Those taking encainide and flecainide were about 3 1/2 times more likely to die of arrhythmia. The drugs were supposed to have the opposite effect. The drugs were supposed to prevent death from arrhythmia. Since then, prophylactic use of antiarrhythmic drugs has pretty steadily decreased. Except for the thrall over amiodarone.

Expert opinion is important. Unfortunately, if the experts are misinterpreting some of the information, even though it is the state of the art science, at the time, bad treatments can result. Encainide and flecainide did a great job of getting rid of PVCs, but PVCs were not killing the patients. PVCs were just an indication of an injured heart. People with injured hearts and PVCs may have arrhythmic events more frequently than those without PVCs, but getting rid of the PVCs does not cure the heart. It just changes the conduction of electricity in the still injured heart.

So, while the emergency physician is the expert, I am hesitant to treat based on a theory of how things should work. If there is well done research of the effects of a combination of drugs in humans, then I am much more likely to just follow orders.

[Updated 8/11/2019 to correct grammar, spelling, and dead links]


[1] Aspirin

[2] Recognition and treatment of right ventricular myocardial infarction.
Gandy WE.
EMS Mag. 2008 Mar;37(3):69-73, 100.
PMID: 18814636

Free Full Text from EMS World

[3] Nitroglycerin

[4] LABEL: METOPROLOL TARTRATE- metoprolol tartrate injection, solution
FDA Label

[5] Dynamic left ventricular outflow tract obstruction in acute myocardial infarction with shock: cause, effect, and coincidence.
Chockalingam A, Tejwani L, Aggarwal K, Dellsperger KC.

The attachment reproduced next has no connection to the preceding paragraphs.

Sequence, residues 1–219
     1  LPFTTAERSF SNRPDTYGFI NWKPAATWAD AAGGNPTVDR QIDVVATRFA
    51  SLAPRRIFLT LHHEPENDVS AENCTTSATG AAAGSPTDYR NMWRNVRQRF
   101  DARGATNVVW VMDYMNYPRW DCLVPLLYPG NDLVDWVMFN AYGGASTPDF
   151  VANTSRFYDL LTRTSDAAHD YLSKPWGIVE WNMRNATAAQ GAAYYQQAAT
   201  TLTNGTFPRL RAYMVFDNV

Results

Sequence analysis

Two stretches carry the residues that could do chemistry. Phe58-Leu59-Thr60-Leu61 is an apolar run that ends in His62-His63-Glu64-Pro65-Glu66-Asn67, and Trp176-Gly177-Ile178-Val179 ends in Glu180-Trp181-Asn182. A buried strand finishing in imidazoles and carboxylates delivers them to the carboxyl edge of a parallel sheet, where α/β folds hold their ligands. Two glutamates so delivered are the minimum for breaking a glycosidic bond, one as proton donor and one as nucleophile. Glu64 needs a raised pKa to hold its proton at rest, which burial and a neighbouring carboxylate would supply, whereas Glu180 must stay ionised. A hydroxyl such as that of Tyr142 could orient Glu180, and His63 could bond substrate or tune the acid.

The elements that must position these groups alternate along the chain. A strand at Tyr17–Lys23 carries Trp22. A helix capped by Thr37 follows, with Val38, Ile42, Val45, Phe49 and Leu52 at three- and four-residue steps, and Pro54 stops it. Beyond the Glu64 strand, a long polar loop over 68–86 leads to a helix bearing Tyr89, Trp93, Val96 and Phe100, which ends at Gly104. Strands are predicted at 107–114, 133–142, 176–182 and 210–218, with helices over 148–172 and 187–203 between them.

Circulation. 2007 Jul 31;116(5):e110-3. Review. No abstract available.
PMID: 17664378

Free Full Text from Circulation

[6] Preliminary report: effect of encainide and flecainide on mortality in a randomized trial of arrhythmia suppression after myocardial infarction.
Cardiac Arrhythmia Suppression Trial (CAST) Investigators.
N Engl J Med. 1989 Aug 10;321(6):406-12.
PMID: 2473403

Beta vs. Beta Blocker


RM has a good head, a good EMS head. Maybe we should just call him that from now on. EMSH.

Emergency Medical S@#$ Head?

Them’s pooping words!

Well, enough bathroom humor. TOTWTYTR presents the case of a patient who is sick

His radial pulse is 150, his BP is 68/P. His 12 lead EKG shows ST elevation in V1-4, with reciprocal changes in II, III, AVF.

He has no significant medical history, takes 81 mg ASA daily, and has no known drug allergies.

IV, EMS aspirin (it isn’t likely to hurt if we give more, but not getting enough aspirin would be a bad thing), oxygen, and some normal saline solution (standard EMS IV fluid).

After 250ml of saline, the patient is still tachycardic, still has chest pain, but his BP is now 88/p.

Here is where it becomes interesting.

Medical control orders Dopamine at 5mcg/kg/min. He also orders Lopressor 5mg IV.

You and your partner are concerned about the effect the Lopressor might have on the BP and try to defer the drug until you are at the hospital. The doctor repeats his orders and tells you that he doesn’t want to delay the patients trip to the cath lab.